36. The material of claim 33, wherein the material is a material selected from the group consisting of DOTCI, Methyl-DOTCI, DTTCI, DNTTCI, DDCI-4, DQOCI, DCM, DCM-special, DCI-2, DTCI, DQTCI, DODCI, DTDCI, and DDI.
37. The material of claim 33, wherein the material is a material selected from the group consisting of Rhodamine 800, Rhodamine 6G, Rhodamine 6G (Perchl.), Rhodamine B, Rhodamine B (Perchl.), Rhodamine 101, and Rhodamine 700.
38. The material of claim 33, wherein the material is a material selected from the group consisting of Phenoxazone 9, Oxazine 4, Oxazine 170, Oxazine 1, and Oxazine 750.
39. The material of claim 33, wherein the material is a material selected from the group consisting of NCI, Sulforhodamine B, Sulforhodamine 101, Malachite Green, Nile Blue, Cresyl Violet, Pyridine 1, Pyridine 2, Pyridine 4, Cryptocyanine, HITCI, and HDITCI.
40. The material of claim 33, wherein the ratio of the tag to the photoresist is approximately 0.1 grams of tag per liter of photoresist.
41. The material of claim 33, wherein the photoresist is acetal-based.
42. The material of claim 33, wherein the tag is a dye.
43. A mixture for removing photoresist from a surface and for detecting residual photoresist on the surface, the mixture comprising:
a cleanser for removing photoresist from the surface, wherein the photoresist has an exposure wavelength of approximately 248 nanometers; and
a material having an excitation wavelength and an emission wavelength added to the cleanser, wherein the emission wavelength is greater than 590 nanometers.
44. The mixture of claim 43, wherein the ratio of the material to the cleanser is approximately 0.1 grams of material per liter of cleanser.
45. A method capable of detecting residual photoresist on a surface after a photoresist cleaning process has been performed on the surface, the method comprising the steps of:
applying a material to the surface upon which the photoresist cleaning process has been performed,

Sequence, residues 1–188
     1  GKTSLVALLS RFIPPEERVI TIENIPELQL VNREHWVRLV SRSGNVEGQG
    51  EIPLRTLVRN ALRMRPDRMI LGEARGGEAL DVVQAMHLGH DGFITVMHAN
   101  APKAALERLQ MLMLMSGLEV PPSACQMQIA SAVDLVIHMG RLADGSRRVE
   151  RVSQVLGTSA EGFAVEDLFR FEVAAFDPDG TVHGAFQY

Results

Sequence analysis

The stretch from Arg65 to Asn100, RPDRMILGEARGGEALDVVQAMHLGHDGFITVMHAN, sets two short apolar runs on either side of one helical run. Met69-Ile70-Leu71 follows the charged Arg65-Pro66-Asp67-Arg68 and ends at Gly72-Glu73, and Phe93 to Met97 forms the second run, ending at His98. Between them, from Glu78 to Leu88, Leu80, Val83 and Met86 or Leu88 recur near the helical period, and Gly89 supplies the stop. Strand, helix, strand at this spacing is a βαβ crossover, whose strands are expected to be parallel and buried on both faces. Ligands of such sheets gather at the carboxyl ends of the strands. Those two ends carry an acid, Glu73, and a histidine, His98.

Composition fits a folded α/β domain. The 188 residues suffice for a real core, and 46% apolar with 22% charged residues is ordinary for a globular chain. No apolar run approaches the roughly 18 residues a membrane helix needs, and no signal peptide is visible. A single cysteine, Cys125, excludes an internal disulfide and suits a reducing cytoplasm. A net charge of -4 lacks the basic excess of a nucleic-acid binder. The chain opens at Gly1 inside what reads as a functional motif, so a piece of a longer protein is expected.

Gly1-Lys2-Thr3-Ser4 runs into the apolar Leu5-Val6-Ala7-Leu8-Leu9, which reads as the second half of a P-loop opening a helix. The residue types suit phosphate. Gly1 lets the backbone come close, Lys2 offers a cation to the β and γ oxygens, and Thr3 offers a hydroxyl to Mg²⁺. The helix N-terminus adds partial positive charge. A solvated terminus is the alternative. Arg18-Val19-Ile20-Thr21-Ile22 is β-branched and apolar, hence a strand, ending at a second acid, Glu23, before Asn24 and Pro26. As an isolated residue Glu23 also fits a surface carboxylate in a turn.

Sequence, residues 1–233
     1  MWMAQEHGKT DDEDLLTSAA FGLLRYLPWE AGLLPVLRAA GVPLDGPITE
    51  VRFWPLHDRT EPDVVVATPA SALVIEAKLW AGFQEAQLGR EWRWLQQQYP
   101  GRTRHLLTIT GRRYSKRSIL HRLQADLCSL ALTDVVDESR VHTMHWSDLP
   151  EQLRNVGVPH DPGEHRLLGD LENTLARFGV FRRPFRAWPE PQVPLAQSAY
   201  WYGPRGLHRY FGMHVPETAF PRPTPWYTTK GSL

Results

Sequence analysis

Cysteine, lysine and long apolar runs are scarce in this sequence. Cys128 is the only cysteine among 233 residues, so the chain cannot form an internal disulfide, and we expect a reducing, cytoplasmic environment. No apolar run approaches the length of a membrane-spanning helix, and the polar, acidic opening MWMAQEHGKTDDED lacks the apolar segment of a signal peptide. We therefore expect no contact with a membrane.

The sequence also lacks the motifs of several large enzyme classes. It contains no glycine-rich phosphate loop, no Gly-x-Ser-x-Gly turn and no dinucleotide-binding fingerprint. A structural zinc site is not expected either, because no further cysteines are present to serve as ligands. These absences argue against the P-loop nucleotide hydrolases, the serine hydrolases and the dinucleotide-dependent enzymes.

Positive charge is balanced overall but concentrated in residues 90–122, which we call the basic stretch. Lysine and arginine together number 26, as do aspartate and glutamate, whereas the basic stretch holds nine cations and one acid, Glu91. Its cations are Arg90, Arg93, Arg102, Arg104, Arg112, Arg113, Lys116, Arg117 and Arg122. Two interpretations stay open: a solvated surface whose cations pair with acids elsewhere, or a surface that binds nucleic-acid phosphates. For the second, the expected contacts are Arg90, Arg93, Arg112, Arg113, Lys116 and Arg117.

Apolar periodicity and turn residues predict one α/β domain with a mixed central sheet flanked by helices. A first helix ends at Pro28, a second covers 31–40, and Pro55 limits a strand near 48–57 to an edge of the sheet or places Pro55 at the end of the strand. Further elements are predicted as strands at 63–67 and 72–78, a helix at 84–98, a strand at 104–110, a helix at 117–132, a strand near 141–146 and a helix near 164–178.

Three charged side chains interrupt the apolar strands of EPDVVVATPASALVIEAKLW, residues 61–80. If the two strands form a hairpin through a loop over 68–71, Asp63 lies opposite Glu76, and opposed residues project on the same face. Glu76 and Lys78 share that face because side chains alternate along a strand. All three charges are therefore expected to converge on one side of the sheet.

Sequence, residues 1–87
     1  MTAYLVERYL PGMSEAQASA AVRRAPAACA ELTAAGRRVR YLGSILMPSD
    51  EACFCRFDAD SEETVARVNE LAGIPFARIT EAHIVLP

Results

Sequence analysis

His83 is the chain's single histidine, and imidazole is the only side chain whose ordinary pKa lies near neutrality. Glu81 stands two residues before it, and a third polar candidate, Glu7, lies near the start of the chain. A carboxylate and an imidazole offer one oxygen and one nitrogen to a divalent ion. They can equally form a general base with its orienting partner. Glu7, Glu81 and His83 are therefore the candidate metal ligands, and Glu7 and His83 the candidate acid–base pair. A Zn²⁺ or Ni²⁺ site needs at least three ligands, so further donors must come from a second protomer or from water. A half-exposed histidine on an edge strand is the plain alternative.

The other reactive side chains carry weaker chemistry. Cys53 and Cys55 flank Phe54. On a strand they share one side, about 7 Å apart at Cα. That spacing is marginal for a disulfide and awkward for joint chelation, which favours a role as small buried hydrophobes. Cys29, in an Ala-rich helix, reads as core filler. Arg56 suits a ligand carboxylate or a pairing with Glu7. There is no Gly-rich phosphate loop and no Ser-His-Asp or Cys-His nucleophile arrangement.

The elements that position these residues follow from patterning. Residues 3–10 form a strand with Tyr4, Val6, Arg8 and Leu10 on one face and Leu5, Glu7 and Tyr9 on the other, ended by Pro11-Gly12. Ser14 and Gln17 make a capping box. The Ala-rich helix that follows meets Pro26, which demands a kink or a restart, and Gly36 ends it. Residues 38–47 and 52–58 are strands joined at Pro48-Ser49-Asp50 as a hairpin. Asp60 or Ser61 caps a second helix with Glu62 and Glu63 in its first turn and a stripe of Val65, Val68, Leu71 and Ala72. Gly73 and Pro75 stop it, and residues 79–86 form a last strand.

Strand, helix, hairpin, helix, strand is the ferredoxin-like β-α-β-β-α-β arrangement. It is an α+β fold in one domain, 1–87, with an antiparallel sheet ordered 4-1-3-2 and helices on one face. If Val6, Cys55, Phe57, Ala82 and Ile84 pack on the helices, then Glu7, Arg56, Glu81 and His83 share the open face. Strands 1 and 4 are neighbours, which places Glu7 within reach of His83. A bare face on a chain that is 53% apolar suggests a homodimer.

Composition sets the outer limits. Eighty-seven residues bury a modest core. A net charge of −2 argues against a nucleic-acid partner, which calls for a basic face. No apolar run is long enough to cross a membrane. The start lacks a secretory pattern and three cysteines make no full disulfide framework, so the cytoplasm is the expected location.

the photoresist having an exposure wavelength, and the applied material having an excitation wavelength and an emission wavelength, the exposure wavelength being shorter than the excitation wavelength and the emission wavelength;
irradiating the cleaned surface with radiation at the excitation wavelength of the applied material; and
detecting radiation at the emission wavelength of the applied material so as to detect any residual photoresist.
46. The method of claim 45, wherein the applied material is adsorbed or absorbed by the residual photoresist.
47. A method capable of detecting residual photoresist on a surface after a photoresist cleaning process has been performed on the surface, the method comprising the steps of:
applying a material to the surface upon which the photoresist cleaning process has been performed,
the photoresist having an exposure wavelength of approximately 248 nanometers, and the applied material having an excitation wavelength and an emission wavelength, the emission wavelength being greater than 590 nanometers;
irradiating the cleaned surface with radiation at the excitation wavelength of the applied material; and
detecting radiation at the emission wavelength of the applied material so as to detect any residual photoresist.
Description
BACKGROUND OF THE INVENTION